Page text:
If there’s one thing that will make you appreciate your child’s school, it is having your child home for several days at a time for school break. The holiday or winter break is especially challenging because children can be out of school for upwards of two weeks.
So, in addition to the sometimes hectic pace of the holidays, last minute purchases, wrapping gifts, cooking, preparing to travel or host guests, etc. you now have the little ones under foot as well. How can you keep them occupied over several days so you don’t have to hear the dreaded, “I’m bored” refrain numerous times a day? Well, here are five ideas to help!
1. Plan ahead
During these final days of school before their long holiday break begins, make yourself sit down and actively strategize and plan ahead. Schedule play dates and other activities with their friends. Get together with a few other busy moms and see if you might be able to take turns hosting everyone’s kids. Make it a significant enough block of time so that each mother can really accomplish some things on the holiday to-do list. A half or even full day could be just the ticket to give you uninterrupted time to complete several tasks before the holidays.
2. Rely on your local library
Public libraries have become increasingly creative and diverse in the events and programs they offer and those for children are no exception. From Lego building hours to weekly movie events to even specialized reading times for kids to read aloud to a nonjudgmental furry friend (i.e. a Pet Pals reading program), libraries have really evolved since most of us were children.
While you’re at the library for one of these events, be sure to stock up on reading materials for the kids. Some libraries also have materials such as puzzles, magazines and movies that can be checked out.
3. Reading and Learning Times
Just because your child is away from school doesn’t mean he or she should be taking a lengthy, two-week break from learning. Two weeks to a child is a very long time and you don’t want them forgetting what they have been learning up to this point. So schedule some time to go back over math problems or other work they have already been doing in class. If a child is weak in certain areas, such as reading comprehension or spelling, spend a little extra time working on these issues.
Ideally, it would be great to carve out a little time on a daily basis. Doing it at the same time may get the child into that mode better as well. For instance, when they see it’s 10 a.m. each morning they know it’s time for reading, math flash cards or whatever. With technology has come a plethora of educational apps on everything from speech development to science. Kids quickly lose track of time doing these interactive learning games or videos and it won’t feel like a must-do for them at all.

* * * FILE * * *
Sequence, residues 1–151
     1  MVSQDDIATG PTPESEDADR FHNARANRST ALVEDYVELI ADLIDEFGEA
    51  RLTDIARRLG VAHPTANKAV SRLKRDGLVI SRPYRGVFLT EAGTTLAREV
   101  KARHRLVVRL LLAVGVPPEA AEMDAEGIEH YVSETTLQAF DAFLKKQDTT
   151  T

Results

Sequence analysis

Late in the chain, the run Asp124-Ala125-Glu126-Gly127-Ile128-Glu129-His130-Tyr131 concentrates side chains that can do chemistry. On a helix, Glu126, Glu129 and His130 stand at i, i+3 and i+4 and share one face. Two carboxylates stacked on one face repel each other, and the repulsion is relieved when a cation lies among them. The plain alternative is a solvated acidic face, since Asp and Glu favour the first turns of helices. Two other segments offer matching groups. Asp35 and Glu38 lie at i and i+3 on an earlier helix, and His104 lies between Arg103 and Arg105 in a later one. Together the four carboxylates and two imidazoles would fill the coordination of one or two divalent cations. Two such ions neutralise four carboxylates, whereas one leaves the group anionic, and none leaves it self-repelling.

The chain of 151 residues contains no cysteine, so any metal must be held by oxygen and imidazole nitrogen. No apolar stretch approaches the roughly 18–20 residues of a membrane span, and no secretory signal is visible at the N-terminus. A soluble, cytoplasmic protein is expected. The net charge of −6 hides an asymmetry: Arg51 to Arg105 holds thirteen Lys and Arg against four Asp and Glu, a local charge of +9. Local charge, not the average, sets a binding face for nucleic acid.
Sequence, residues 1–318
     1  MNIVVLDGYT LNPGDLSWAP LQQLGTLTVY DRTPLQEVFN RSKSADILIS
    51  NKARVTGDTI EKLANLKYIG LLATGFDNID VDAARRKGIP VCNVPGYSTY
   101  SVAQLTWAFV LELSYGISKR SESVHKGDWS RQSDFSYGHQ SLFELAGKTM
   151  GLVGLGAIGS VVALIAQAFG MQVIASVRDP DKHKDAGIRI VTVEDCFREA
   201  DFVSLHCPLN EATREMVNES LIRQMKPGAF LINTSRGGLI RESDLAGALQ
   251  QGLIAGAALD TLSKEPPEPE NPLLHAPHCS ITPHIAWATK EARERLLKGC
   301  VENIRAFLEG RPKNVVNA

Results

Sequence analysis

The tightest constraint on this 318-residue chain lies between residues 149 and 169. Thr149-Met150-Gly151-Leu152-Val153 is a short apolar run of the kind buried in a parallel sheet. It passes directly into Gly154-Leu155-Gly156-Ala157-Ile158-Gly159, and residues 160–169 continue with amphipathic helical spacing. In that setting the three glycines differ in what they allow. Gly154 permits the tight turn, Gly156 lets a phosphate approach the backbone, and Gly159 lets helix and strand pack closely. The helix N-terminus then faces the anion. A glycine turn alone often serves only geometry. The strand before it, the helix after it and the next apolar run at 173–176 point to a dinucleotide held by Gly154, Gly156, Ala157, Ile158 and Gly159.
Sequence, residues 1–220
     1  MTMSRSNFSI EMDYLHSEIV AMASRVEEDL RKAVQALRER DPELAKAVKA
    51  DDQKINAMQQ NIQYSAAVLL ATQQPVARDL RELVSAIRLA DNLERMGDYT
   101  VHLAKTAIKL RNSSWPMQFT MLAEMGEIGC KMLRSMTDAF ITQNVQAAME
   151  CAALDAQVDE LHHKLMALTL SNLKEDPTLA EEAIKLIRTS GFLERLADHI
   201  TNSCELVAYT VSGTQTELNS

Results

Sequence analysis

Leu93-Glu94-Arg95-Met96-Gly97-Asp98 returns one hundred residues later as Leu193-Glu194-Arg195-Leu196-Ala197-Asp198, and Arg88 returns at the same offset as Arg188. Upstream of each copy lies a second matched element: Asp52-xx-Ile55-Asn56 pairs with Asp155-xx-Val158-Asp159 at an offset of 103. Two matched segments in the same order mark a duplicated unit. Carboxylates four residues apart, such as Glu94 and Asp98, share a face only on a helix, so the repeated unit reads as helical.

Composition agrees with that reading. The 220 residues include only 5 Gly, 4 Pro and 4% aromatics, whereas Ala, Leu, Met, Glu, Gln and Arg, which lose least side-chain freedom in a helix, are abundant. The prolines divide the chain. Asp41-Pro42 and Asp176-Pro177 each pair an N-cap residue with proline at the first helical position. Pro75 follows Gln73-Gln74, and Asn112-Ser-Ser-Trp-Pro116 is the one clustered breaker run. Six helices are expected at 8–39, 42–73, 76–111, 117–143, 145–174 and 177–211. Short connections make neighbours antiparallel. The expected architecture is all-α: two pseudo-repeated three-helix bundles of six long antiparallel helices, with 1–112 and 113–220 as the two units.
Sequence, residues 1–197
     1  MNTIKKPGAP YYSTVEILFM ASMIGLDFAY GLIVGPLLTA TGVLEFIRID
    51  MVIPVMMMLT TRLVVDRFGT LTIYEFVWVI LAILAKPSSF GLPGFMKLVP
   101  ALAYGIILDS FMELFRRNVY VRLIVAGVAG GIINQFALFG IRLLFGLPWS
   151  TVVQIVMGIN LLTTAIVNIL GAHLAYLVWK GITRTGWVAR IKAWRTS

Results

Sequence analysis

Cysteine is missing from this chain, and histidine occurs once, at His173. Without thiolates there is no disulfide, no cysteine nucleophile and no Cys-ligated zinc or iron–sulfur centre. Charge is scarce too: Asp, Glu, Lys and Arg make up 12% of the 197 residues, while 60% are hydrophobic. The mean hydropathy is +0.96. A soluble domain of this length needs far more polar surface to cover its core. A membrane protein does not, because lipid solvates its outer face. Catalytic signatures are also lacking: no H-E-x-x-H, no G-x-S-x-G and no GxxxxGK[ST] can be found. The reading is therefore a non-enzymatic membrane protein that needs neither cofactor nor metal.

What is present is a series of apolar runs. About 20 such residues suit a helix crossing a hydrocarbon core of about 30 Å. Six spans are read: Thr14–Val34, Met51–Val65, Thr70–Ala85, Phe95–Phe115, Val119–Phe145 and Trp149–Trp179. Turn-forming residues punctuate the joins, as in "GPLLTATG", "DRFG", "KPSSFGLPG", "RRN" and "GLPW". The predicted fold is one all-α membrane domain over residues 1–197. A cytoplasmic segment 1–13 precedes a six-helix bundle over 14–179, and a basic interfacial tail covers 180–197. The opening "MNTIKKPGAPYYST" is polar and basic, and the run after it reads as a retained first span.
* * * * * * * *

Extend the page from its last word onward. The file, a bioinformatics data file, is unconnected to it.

The length of these learning periods should vary based on your child’s age, how quickly their attention starts to wonder and the activity itself. Shoot for 30 minutes (60 minutes if it’s an online learning app). Consider scheduling one in the morning and another in the early evening.
4. Winter Break Camps
Everyone has heard of summer camps for children but, surprisingly, camps are now popping up for these shorter breaks as well. Some creative companies have caught on to the idea of needing to have winter break camps for kids. If you’re in a situation where you can’t take time off work for this two week period, such activities can be a great alternative to simply calling a babysitter.
Online sites like kidscamps.com or Our Kids can give some direction or just simply Google search a generic phrase like “winter camps for children” to find other leads or regional references. Many of the camps revolve around a theme, like dinosaurs, science or sports.
5. Get active
Physical activity, especially in the winter months for most areas of the country, is often one of the first things to go by the wayside. However, kids need a way to let loose with some of their energy. On days when it’s sunny and not too cold, try to plan for some outdoor activities such as taking a walk, going to a park with a children’s playground, planning an indoor or outdoor scavenger hunt, or even taking advantage of the snow by going sledding or building a snowman. Most fast food restaurants have indoor play centers. Many cities are also getting businesses with indoor trampolines, foam pits, etc. for the kids to go wild jumping, climbing, etc.
6. Get crafty
There are countless craft activities for which you can plan ahead, no matter your child’s age or skill level. Make homemade ornaments for the Christmas tree; help your child make and decorate a memory box for storing special things like programs, ticket stubs and other items from things they do; make a collage with clippings from old magazines; do snowflake paper cut-outs; create puppets with lunch paper bags or old socks and then plan a puppet show; make holiday gifts for each other; create fun sleds using candy canes as the base and other unique materials for the rest.
When in doubt or stuck for new and innovative ideas, an internet search is the way to save the day. Pinterest, for example, has tons of ideas on easy craft projects and activities to do with the kids.
We hope these ideas from Classroom Essentials Online have proven helpful in filling your child’s days with fun and varied activities. We will provide a similar, detailed guide before the summer school break to help make the summer recess transition a little easier. Until then, happy holidays! We look forward to serving you in the new year.